i) positioning the patient's leg with the centers the patient's hip, knee mass and talus on a tibial torsion sagittal reference plane, and
ii) measuring a tibial torsion angle the angular transverse displacement between the tibial torsion sagittal reference plane and a vertical tibial torsion displacement plane inclusive of the center of the talus and the interstice of the first and second toes of the patient's foot.
15. A method as recited in claim 14 wherein said foot scanner manipulation includes angularly oscillating the foot scanner until talus and navicular of the patient's foot exhibit congruency.
16. A method as recited in claim 15 wherein said angular oscillation is about an axis of rotation and said capture includes positioning the patient's foot with the center of the talus substantially aligned with the axis of rotation.
17. A method as recited in claim 16 wherein said foot measurement device includes air cushion means for capturing the patient's foot and means for deflating and inflating the air cushion, said capturing of the foot including positioning the foot on the air cushion in a deflated state and inflating said air cushion to elevate the patient's heel with the foot scanner in the first position.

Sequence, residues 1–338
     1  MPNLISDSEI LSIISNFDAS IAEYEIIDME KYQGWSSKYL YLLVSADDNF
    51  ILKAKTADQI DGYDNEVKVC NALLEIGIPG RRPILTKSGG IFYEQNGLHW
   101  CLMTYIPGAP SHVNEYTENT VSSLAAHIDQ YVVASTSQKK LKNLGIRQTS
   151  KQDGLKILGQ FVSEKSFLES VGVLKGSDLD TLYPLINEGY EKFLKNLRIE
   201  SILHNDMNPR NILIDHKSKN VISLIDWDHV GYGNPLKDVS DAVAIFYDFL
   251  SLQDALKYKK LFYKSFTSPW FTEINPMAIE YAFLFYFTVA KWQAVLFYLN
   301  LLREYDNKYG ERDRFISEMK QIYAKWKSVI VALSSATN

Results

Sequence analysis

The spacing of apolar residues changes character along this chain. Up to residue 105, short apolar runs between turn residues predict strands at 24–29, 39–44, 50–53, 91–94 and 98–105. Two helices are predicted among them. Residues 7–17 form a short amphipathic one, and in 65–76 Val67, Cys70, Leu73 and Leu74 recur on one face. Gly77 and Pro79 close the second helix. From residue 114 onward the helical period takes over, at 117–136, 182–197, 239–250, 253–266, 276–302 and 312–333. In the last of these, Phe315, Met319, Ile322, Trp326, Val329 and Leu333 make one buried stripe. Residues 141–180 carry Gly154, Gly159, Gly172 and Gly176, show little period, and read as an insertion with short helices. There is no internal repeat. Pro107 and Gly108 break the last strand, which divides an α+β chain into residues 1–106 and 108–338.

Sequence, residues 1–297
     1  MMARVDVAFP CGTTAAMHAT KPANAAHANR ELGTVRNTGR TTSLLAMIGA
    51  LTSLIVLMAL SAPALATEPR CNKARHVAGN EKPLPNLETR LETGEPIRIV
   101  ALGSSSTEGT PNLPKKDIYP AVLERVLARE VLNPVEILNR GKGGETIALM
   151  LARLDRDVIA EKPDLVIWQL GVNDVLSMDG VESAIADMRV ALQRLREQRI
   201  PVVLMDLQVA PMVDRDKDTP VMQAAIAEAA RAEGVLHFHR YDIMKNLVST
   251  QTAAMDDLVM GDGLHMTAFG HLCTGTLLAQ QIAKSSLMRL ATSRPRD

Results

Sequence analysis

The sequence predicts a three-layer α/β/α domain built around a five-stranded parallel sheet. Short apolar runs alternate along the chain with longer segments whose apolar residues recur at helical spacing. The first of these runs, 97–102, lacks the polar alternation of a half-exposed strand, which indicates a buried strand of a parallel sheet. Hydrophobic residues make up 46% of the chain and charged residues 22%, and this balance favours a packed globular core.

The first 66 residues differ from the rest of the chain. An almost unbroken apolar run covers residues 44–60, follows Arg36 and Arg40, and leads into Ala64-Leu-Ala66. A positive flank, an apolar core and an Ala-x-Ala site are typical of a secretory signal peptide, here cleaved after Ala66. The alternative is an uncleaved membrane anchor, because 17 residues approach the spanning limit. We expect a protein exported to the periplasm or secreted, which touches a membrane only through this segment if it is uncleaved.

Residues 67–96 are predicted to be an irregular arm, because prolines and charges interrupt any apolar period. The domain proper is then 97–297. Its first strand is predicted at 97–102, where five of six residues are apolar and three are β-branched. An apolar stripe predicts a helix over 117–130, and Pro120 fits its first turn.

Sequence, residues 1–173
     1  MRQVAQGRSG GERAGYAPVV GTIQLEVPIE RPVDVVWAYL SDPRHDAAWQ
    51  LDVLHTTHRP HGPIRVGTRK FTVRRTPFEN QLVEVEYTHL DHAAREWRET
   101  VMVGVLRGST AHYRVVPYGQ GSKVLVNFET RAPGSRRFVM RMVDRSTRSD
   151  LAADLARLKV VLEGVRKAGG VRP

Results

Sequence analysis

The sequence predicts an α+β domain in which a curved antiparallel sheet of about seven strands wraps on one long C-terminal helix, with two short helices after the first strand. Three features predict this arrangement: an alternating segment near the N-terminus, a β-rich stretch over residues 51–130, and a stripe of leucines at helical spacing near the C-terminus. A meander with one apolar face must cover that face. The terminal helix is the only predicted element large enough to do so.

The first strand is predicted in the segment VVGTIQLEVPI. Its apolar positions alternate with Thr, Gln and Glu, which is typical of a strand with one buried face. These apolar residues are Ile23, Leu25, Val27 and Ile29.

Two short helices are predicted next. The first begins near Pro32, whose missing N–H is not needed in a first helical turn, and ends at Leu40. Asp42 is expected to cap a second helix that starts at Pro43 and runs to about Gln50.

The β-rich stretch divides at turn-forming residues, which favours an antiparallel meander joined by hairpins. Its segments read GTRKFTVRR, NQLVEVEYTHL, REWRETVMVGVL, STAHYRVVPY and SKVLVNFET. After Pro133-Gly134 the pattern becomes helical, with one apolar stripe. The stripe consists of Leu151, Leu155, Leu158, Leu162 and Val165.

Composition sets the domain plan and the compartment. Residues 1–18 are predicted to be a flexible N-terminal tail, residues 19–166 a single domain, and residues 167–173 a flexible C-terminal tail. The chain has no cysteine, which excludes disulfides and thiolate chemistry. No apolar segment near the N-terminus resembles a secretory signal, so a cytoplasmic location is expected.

18. A method as recited in claim 17 wherein said topographical record is obtained by producing a three-dimensional scan of the bottom of the patient's foot that records the distance from a reference plane to the bottom of the foot for each of an array of positions in the reference plane.
19. Apparatus for producing a custom orthotic footbed for a patient's footwear by generating a representation of the topography of the bottom of the patient's foot extending along an alignment, said apparatus comprising:
A) means for measuring a tibial torsion angle for the patient's foot due to tibial torsion based on the orientation of the alignment axis,
B) scanner means for generating the topography and having means for pivoting said scanner means about a reference position,
i) means for pivoting said scanner means in a transverse plane from the reference position to a first position based upon the measured tibial torsion angle whereby the foot rests on said scanner means,
ii) means for capturing the foot in said scanner means at the first position relative to a reference plane,
iii) means for manipulating said scanner means proximate the first position until the patient's talus and navicular exhibit congruency thereby to establish a measurement position, and
E) means for generating the topographical record of the foot with said scanner means in the measurement position for use in the production of the custom orthotic footbed.
20. Apparatus as recited in claim 19 wherein said tibial torsion angle measurement means includes:
i) means for positioning the patient's leg in a tibial torsion reference plane inclusive of the centers of the patient's hip, knee mass and talus, and
ii) means for measuring a tibial torsion angle as the angular transverse displacement between the tibial torsion reference plane and a tibial torsion displacement plane inclusive of the center of the talus and the interstice of the first and second toes of the patient's foot.